Allocating attention and resources to developing the culture that supports your strategy and business goals takes vision and commitment and involves risk. It is easier to delay culture activity and hope for the best. You probably know of some businesses that never bothered with any culture development activity, and they are just fine. You also probably know of someone who never flosses and has a beautiful set of gums and teeth.
How to Culture a Culture
While culture change is not effortless, it can be managed. If you have tried any or all of the above approaches and are still stuck without the organization you need, there is a proven approach to changing your culture. Here are some tips to get you started.
- Get a snapshot of your culture. There are many ways to measure culture, but you can’t change what you can’t see. Getting a comprehensive picture of your organization’s culture—at all levels—will help make conscious what is really going on in your organization. Most executives have an idealized and distorted view of their organization’s culture. Without a clear picture, you don’t know what is working and what isn’t.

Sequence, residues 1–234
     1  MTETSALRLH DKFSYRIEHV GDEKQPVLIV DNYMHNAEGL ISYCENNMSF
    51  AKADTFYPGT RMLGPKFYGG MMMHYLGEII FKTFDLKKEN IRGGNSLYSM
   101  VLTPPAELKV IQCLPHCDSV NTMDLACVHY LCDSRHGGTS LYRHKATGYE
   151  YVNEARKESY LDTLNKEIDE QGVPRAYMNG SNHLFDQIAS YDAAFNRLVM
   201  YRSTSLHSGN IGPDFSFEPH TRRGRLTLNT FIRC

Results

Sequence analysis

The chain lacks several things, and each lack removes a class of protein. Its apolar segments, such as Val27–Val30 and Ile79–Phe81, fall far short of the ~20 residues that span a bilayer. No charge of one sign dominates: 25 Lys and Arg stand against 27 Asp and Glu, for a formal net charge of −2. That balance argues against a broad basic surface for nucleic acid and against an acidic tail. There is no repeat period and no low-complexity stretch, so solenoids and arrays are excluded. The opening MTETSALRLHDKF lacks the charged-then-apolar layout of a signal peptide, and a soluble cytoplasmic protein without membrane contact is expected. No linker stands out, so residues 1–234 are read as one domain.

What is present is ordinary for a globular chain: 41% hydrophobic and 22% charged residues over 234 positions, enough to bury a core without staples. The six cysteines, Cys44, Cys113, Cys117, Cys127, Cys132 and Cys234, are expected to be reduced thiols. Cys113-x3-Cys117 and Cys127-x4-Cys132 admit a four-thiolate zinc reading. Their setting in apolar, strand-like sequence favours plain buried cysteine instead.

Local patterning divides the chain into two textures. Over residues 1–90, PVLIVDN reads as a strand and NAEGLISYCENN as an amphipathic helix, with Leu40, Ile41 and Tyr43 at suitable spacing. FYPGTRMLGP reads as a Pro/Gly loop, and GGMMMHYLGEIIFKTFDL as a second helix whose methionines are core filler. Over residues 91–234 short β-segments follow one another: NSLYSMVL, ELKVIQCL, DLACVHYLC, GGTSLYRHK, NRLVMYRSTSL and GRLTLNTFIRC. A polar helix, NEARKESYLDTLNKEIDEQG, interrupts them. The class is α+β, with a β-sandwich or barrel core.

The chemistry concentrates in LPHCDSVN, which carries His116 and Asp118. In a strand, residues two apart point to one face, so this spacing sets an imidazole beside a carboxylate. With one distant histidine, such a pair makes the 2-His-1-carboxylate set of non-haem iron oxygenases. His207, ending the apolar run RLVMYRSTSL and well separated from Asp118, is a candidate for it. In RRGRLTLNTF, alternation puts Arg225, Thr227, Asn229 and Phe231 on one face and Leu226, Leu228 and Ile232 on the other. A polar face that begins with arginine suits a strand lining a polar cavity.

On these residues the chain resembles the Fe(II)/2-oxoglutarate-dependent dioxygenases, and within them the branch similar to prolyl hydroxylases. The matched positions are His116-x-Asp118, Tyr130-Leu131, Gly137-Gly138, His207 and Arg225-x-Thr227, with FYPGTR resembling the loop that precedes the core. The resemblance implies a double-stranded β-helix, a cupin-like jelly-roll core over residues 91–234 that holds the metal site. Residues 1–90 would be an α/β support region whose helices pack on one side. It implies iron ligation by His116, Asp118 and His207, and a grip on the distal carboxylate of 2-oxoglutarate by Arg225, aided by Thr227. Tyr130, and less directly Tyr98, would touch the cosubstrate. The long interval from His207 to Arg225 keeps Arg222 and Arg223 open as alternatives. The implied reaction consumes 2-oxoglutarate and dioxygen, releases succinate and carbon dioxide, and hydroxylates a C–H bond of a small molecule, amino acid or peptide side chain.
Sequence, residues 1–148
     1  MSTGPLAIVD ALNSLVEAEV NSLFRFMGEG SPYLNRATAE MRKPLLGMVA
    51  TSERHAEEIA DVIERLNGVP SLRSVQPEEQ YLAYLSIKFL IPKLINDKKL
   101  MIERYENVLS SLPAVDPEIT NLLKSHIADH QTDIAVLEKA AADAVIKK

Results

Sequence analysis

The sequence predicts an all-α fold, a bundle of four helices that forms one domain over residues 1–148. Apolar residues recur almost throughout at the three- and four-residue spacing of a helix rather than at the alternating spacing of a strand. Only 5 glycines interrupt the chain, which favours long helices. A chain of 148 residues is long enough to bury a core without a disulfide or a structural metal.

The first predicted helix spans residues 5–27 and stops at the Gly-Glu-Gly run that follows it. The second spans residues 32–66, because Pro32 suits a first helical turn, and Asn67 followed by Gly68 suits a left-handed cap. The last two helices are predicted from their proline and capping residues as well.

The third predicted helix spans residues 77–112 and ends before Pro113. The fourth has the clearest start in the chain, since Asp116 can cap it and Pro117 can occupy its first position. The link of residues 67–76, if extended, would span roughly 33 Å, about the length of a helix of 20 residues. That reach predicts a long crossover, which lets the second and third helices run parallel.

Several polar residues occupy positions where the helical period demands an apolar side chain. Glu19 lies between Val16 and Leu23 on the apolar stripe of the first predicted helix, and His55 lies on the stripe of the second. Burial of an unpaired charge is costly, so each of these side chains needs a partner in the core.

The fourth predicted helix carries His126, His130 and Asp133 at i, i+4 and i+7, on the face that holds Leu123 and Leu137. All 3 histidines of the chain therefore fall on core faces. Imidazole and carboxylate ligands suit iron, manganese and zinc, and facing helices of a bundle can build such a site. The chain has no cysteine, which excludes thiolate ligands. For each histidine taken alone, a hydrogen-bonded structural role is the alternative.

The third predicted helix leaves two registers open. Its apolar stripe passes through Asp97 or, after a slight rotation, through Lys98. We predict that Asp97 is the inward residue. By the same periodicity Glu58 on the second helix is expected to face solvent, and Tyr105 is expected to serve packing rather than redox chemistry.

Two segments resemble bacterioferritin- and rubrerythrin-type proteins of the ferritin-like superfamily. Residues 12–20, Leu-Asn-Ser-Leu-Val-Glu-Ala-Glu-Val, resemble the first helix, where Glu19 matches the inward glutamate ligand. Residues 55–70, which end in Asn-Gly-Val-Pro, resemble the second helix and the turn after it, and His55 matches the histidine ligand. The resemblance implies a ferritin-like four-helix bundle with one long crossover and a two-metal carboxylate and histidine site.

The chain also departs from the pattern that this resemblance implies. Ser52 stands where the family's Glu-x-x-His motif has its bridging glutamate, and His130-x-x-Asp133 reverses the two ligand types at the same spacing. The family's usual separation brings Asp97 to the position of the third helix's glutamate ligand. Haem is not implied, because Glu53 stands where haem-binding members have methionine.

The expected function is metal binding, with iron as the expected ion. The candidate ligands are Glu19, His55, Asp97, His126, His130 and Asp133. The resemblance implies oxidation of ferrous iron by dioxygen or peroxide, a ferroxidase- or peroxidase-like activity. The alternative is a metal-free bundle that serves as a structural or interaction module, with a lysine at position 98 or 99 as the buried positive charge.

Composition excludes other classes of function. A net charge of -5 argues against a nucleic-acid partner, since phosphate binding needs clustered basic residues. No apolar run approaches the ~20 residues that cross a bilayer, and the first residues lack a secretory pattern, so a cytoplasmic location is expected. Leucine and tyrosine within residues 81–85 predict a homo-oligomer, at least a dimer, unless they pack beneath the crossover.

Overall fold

- Determine the culture you need that will support your core values, vision and strategy. Your culture needs to align with the behaviors needed to successfully execute your strategy.
- Identify the key elements of your current culture that need to come into alignment to support the culture needed to execute your strategy. Don’t choose too much. Only one to three of the best high-leverage changes should be attempted. Executives’ plates are full, and the last thing you need is to overload with a host of “culture change initiatives.”
- Own the culture change effort. Don’t make it a Human Resources project. Leaders are responsible for stewarding the organization’s culture. People look to leaders for how to act, behave and make decisions. If you don’t own the culture change effort, no one who is following you will either.
Changing an organization’s culture takes time, perseverance and awareness. Once you start attuning to your culture, you will begin to see it more clearly. You will then be able to make the necessary changes to mold your culture into one that supports your strategy.
Remember, you may or may not be paying attention to culture,
but culture is paying attention to you.
You know, it’s like plaque.